Answer: What you are doing is probably not OK. The Code of Ethics states that a dietetics practitioner must present “substantiated information” and “interpret controversial information without personal bias, recognizing that legitimate differences of opinion exist.” Furthermore, it is stated that the dietetics practitioner “provides sufficient information to enable clients and others to make their own informed decisions.” No credible research has proven that in order to assure good health one must embrace a vegan lifestyle. However, substantiated research does show that a diet that provides plenty of whole grains, fruits, and vegetables is healthy. Other research reveals that people who limit their meat consumption may prevent certain health conditions. Dietetics practitioners should stick to presenting the facts that research has proven.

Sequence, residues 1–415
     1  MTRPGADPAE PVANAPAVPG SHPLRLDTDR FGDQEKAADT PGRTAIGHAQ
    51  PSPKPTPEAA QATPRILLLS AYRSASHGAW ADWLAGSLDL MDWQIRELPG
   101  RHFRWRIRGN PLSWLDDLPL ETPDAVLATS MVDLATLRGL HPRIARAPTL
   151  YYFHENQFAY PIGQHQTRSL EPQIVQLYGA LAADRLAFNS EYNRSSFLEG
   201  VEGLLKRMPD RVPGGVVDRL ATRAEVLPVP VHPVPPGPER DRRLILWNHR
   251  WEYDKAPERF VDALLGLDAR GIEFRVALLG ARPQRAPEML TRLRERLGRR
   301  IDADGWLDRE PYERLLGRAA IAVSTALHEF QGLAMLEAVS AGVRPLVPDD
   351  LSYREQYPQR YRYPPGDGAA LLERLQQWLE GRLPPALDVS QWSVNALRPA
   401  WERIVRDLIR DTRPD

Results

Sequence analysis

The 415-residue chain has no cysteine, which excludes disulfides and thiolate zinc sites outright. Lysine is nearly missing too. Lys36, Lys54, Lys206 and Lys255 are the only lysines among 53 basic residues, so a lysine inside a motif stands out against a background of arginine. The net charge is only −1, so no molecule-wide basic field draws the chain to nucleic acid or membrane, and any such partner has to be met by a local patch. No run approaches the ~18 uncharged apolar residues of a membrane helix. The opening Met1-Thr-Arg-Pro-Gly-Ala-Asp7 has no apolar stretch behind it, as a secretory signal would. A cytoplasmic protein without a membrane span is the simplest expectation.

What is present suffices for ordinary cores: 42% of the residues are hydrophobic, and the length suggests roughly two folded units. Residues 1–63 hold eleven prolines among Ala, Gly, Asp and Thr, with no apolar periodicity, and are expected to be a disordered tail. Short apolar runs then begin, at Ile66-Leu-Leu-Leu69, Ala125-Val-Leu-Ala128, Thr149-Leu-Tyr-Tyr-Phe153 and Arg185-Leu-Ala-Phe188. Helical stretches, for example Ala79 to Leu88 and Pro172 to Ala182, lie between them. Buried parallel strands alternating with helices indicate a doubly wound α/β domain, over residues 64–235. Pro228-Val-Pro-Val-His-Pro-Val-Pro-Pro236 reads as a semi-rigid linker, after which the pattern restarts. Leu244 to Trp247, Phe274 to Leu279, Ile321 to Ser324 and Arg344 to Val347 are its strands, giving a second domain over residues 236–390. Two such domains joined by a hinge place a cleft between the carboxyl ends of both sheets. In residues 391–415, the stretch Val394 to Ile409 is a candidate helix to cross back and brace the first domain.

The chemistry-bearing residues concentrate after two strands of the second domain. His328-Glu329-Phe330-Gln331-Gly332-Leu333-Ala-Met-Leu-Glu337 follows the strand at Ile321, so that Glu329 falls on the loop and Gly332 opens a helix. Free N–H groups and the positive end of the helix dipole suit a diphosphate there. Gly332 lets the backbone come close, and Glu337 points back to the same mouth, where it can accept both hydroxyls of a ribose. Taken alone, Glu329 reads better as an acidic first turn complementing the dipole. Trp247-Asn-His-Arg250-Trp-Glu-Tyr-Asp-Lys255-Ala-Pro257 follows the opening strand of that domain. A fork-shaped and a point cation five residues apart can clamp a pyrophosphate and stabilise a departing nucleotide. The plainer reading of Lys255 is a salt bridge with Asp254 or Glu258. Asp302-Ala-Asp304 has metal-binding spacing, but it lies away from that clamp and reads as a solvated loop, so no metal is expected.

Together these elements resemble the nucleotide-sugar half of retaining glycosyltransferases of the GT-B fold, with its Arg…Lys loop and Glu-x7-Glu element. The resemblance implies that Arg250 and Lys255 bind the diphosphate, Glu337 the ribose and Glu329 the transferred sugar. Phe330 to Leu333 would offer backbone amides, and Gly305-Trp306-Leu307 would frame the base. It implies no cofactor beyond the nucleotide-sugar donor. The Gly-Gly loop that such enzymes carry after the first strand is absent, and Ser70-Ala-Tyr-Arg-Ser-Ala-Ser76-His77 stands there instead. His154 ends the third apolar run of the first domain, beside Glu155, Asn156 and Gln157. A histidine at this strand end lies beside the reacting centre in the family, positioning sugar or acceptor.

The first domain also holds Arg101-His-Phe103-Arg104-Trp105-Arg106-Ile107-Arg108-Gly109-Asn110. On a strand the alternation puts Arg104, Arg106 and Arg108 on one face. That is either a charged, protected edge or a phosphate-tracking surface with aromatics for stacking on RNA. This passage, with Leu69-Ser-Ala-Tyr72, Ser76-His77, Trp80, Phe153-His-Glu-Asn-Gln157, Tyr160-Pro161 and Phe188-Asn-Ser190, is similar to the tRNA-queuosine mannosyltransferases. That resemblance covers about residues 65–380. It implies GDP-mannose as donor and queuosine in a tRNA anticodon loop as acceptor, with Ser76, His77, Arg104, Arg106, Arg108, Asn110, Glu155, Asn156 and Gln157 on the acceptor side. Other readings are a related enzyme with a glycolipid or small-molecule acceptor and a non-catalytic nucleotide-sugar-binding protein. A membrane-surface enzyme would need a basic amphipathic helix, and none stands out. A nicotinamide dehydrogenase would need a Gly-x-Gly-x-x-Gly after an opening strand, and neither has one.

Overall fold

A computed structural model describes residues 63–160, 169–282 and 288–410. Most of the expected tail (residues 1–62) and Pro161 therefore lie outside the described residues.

One of my longest-standing clients recently was diagnosed with a painful health condition. My mother has the same condition and has a wonderful physician who has successfully treated her for years. My client’s physician is not treating her as well as I would like. I told her what medications and therapies worked well for my mother. I also told her about a few herbal supplements that my mother takes, which seem to really help. This week my client informed me that she had told her doctor what I had said. Her doctor replied that just because it worked for my mother does not mean that it would work for her and that I had “overstepped my boundaries as a dietitian.” Did I do something wrong?
Answer: The doctor is correct. You have overstepped your professional boundaries by making these recommendations. You recommended herbal treatments, medications, and other therapies without knowing what other medications or supplements your client is taking and without taking her personal medical history into account. The Code of Ethics states that a dietetics practitioner “recognizes and exercises professional judgment within the limits of his/her qualifications and collaborates with others, seeks counsel, or makes referrals as appropriate.”